Review of social openness and equal opportunities measures at ESC Clermont

Review of social openness and equal opportunities measures at ESC Clermont, by Marc-André Vilette, Professor-Researcher in Human Resources Management (HRM) and coordinator of social openness and equal opportunities at Groupe ESC Clermont since 2015.

In my role as coordinator, I am responsible for 4 missions that all have a common “social” denominator:

The first, is the collaboration with the National Association “Article 1” (here allusion is made to Article 1 of the Universal Declaration of Human Rights which states that “All human beings are born free and equal in dignity and rights. They are endowed with reason and a conscience and must act towards each other in a spirit of brotherhood.)  Students coming from working class backgrounds, who are successful in their application, can benefit from mentoring by professional practitioners (e. g. to better understand the world of work and its codes, which their home environments do not allow them to fully understand). These students participate each year in the organization of events: film projection-debates, the French “Self-Assertiveness Tour” that comes to Clermont Ferrand, the World Day of Equal Opportunities, round tables, conferences supported by great testimonials from people who have come along way and who do not fit into the classic social reproduction model and have lived an inspiring journey. Their testimonials – and their transmission – is important.

The Second, is the “Cordées de la réussite” initiative, supported by the Local Council/Board of Education and the City of Clermont Ferrand. It brings together students from Groupe ESC Clermont and High School students from the working-class environment, to convey a simple message: “Higher Education is accessible to them”. This message is also conveyed through shared discovery activities. We take students to places where they would not usually go – through cultural trips, for example, we went to Bilbao this year, and to Amsterdam in 2017 and, in France, we go to Lyon in particular. We introduce students to local companies, but also, logically, university campuses. This year, nearly forty High School students were involved in the scheme. The ultimate aim is to raise awareness of culture and codes that need to be demystified. For example, in recent years we have realized that one of the most popular events was the “Midnight Music” concerts organized by the Auvergne Orchestra. The principle is to put young people in a situation where they are not just “ordinary” spectators at the opera, but to make them experience concerts in an immersive way, comfortably settled between the musicians – sometimes in unusual places, such as the Coopérative de Mai.

The third mission is my participation in the awarding of Groupe ESC Clermont’s scholarships, which has existed since 2016 in collaboration with the Foundation, the School’s Student Administration Service and the School’s partners (banks, in particular). We have “rethought” the allocation system: now we have a more global application process, so that donations are not just motivated by resulting tax gains, but more about adopting a certain vision and values. We therefore study the question of allocation in relation to attendance in class, investment in associations, academic results, behaviour, motivation, geographical distance from home…. The socio-economic aspect remains the most important allocation criteria, but we are more vigilant about Scholars’ global situation.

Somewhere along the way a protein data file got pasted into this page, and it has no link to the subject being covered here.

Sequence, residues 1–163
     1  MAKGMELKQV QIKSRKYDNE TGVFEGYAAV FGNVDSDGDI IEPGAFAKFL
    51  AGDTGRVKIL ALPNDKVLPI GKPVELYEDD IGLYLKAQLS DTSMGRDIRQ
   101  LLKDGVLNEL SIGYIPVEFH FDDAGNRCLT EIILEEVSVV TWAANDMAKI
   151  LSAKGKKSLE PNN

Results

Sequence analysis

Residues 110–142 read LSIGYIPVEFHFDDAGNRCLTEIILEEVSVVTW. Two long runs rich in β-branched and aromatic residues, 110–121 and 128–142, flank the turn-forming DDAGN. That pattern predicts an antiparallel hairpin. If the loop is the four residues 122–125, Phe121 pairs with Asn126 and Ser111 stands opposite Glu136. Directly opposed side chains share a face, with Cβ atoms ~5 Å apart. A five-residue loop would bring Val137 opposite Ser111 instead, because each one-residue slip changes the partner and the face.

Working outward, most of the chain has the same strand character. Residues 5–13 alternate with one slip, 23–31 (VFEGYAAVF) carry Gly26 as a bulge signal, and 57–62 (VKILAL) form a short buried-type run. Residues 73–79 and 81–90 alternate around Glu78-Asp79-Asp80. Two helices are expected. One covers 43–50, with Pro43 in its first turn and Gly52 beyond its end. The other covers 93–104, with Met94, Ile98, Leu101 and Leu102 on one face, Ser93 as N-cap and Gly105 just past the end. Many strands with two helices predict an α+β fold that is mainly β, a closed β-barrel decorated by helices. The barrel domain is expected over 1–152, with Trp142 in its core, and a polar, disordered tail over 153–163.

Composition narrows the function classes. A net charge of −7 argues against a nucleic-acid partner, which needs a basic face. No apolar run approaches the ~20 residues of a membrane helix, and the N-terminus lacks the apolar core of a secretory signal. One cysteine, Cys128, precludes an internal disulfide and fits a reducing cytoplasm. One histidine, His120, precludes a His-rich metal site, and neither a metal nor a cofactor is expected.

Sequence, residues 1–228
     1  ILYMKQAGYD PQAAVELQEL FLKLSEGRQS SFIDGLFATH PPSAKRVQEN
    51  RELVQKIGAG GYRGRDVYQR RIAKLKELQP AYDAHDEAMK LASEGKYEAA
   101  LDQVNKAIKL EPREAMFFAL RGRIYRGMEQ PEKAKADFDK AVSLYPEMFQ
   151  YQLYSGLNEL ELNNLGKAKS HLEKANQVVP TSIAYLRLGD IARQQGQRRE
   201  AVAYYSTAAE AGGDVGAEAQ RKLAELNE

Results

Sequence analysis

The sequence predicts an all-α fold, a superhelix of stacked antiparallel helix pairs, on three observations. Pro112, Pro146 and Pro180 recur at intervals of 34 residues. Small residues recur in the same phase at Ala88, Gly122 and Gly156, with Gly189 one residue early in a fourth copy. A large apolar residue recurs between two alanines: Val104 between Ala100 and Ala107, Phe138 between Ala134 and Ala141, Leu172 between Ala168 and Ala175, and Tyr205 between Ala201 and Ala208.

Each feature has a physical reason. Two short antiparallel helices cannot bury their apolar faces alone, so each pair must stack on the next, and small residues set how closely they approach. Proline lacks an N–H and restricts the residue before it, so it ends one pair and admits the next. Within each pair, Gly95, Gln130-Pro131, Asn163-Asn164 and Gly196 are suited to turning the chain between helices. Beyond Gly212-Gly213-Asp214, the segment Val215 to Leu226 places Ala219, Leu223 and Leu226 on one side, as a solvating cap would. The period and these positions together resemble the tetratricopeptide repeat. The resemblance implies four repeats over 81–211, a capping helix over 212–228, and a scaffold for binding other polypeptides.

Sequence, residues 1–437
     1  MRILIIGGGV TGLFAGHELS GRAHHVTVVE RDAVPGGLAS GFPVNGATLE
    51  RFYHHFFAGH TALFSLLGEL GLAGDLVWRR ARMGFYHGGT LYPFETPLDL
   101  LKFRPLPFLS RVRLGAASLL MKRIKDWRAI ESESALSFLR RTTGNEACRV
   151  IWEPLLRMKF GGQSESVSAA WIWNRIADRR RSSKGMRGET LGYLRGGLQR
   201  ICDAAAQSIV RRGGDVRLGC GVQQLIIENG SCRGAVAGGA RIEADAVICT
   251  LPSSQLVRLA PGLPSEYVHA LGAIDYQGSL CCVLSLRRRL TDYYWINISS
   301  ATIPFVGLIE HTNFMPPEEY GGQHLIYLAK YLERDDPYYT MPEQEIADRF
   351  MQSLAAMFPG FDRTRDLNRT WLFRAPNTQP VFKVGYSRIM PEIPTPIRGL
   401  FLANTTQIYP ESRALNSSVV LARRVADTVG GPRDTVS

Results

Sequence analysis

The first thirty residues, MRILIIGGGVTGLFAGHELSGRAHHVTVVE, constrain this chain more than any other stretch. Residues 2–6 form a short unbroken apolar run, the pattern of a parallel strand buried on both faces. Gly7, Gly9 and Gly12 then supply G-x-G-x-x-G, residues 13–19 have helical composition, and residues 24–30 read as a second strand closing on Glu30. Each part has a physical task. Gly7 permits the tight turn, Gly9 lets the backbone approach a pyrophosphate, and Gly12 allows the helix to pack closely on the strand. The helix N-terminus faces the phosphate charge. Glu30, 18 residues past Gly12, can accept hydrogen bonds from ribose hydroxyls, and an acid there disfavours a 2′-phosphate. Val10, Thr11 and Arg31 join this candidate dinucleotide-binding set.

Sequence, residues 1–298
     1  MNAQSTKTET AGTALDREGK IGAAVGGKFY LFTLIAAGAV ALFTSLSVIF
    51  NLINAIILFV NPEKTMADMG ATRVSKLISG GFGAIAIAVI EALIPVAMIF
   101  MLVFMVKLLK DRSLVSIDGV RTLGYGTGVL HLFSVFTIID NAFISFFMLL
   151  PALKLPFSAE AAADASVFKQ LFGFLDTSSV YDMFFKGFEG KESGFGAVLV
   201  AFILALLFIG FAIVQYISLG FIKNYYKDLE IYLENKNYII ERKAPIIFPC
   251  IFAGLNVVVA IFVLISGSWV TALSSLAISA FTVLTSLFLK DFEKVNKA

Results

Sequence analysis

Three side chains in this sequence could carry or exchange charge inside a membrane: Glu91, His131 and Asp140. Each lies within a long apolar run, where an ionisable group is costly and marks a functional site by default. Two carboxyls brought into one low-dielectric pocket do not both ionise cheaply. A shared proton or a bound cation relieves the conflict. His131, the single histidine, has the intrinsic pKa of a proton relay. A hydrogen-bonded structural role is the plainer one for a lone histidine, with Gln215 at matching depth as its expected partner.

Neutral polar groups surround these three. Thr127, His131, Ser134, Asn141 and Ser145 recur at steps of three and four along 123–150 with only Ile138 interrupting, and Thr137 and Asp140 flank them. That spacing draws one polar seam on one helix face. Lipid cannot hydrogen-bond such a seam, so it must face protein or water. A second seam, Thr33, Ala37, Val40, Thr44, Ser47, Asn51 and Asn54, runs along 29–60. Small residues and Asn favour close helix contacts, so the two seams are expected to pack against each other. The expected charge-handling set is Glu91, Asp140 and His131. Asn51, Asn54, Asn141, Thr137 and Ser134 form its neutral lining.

Last, but not least, the fourth mission as part of my very role as coordinator is acting as Groupe ESC Clermont’s “Student Disability Advisor“. This consists of identifying students with disabilities to enable them to benefit from appropriate facilities. This is a very sensitive issue because, being in a situation of disability, the person is often afraid of being categorized as less effective or being stigmatized. It’s so complex and sensitive to manage that you see students actually preferring not to be helped. Most of the time, the image of disability is that of a wheelchair – although this represents only a small minority of cases (about 4%). We also think a lot about other disabilities like the problems of “dys-“: dysgraphia, dyslexia, dysorthographia… Moreover, we don’t necessarily always know the nature of students’ disabilities, especially if they not speak openly about them. Official recognition of a disability requires a doctor’s certificate from the SSU (University Health Service) and approved by the MDPH (Maison Départementale des Personnes Handicapées), which does not specify the disability, in accordance with medical confidentiality. There is also a lot to do in terms of disability representation: we have an official list of disabled students (about ten) but we know that in reality, more students are certainly able to fit into this framework. According to the Conférence des Grandes Ecoles (CGE) working group on disability in which I participate, we observe about the same proportion as in other Business Schools, i.e. about 1% of total student intake.

As we can see, the role of coordinator is intense and requires a lot of time and investment. The question of resources dedicated to ERS is always raised at some point. Although Groupe ESC Clermont does not necessarily have the same resources as other schools, it remains active and fully committed to ERS issues!

What about the future?

For me, the main concern is to reach more and more people and extend ERS to each and every one of their objectives, tasks and behaviour. As to what can fall within the scope of ERS today, I see other issues, such as diversity. Here, more work needs to be done to redefine what ERS actually means.

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